Basic Astronomy

Total lunar eclipse on 15 June 2011

On June 15, 2011, a total lunar eclipse will take place .

This lunar eclipse is a rare event as the moon will pass through the center of the Earth's shadow. This is called central eclipse. Last time we had a lunar eclipse closer to the center of the earth's shadow on 16th July 2000 and the next central total lunar eclipse will be on 27th July 2018.

Lunar eclipse 15 June 2011
(The time is in UT.)

The eclipse will be a spectacular opportunity for visitor and photographers as it will look red before eclipse. The moon will change colour because of blue and other short wavelengths light - which will scatter more in the Earth's atmosphere, with more red light getting through.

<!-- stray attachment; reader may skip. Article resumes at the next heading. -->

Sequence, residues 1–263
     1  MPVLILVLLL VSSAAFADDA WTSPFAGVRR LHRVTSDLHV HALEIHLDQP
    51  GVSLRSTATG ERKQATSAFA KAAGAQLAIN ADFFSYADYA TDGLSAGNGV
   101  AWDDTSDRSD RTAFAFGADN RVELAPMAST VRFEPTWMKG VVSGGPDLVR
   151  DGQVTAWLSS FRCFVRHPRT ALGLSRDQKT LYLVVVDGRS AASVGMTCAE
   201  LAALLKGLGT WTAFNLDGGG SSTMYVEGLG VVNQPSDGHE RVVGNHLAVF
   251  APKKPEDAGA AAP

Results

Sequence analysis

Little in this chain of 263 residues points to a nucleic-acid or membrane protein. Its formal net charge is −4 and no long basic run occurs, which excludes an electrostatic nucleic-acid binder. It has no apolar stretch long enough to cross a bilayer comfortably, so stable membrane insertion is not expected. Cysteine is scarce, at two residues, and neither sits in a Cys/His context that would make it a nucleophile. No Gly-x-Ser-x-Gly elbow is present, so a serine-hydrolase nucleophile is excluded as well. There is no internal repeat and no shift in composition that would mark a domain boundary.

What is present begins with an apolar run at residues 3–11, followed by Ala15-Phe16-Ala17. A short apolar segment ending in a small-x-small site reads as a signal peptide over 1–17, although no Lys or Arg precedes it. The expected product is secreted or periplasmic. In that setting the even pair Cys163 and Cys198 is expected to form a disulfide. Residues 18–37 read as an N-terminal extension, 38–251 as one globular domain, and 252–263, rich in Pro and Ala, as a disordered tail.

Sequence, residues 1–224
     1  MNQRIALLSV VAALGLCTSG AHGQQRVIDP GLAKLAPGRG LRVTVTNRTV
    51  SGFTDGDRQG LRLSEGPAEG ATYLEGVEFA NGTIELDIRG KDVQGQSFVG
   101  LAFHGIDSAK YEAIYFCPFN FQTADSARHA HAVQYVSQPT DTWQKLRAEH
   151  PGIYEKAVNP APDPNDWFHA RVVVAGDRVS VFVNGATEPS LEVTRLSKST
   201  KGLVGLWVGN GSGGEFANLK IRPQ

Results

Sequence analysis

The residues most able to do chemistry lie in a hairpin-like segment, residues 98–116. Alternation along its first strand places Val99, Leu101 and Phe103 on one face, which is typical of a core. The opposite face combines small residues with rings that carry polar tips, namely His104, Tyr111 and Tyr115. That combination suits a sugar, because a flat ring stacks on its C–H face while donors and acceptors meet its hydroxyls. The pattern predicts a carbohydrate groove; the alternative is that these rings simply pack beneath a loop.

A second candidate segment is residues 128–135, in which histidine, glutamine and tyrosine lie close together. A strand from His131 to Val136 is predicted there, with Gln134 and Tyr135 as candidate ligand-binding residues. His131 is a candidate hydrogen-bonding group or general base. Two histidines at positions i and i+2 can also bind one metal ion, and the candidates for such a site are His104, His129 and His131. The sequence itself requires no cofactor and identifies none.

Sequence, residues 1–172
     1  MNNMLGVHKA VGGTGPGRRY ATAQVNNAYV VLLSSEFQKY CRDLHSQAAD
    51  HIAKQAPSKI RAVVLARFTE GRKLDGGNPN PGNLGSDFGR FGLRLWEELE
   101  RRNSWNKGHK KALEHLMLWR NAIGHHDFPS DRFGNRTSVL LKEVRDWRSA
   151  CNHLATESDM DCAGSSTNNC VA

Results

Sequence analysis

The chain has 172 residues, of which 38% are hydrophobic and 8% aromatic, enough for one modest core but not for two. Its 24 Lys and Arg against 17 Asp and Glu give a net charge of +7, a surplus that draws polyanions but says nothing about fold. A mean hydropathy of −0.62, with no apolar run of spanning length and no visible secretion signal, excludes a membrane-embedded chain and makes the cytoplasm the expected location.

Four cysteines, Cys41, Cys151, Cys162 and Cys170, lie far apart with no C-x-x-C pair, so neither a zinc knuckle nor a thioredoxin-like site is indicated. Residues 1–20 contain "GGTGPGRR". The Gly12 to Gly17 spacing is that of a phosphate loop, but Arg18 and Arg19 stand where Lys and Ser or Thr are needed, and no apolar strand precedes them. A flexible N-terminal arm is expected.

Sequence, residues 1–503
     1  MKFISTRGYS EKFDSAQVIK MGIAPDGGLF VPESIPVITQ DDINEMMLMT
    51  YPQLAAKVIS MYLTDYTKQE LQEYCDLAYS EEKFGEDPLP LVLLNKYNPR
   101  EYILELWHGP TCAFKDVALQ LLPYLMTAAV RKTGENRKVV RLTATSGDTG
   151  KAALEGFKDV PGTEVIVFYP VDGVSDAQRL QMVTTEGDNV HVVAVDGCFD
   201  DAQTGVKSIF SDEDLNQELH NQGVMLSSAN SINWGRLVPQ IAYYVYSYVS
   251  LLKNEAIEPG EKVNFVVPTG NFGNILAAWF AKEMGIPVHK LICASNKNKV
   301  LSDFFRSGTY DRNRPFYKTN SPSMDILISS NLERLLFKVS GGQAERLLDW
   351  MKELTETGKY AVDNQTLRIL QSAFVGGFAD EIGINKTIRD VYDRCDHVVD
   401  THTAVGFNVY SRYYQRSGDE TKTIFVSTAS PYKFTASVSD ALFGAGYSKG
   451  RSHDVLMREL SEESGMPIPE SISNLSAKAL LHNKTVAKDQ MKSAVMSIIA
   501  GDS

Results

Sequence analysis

The eclipse will be completely visible from Central Asia and Africa. In Europe, South America and Western Africa the eclipse will be visible rising and in Eastern Asia it will be visible setting. In Australia, Philippines and Western Asia the lunar eclipse will be visible just before sunrise. In the final stage of the eclipse, the moon moves into the lighter part of Earth's shadow and will likely take on a yellowish hue.

A total lunar eclipse occurs when the moon, Earth and sun line up and Earth casts a shadow that engulfs the moon.

Unlike solar eclipses, a lunar eclipse is safe to watch with the naked eye.

The next total lunar eclipse will take place on 10th December 2011.

Lunar eclipse visibility








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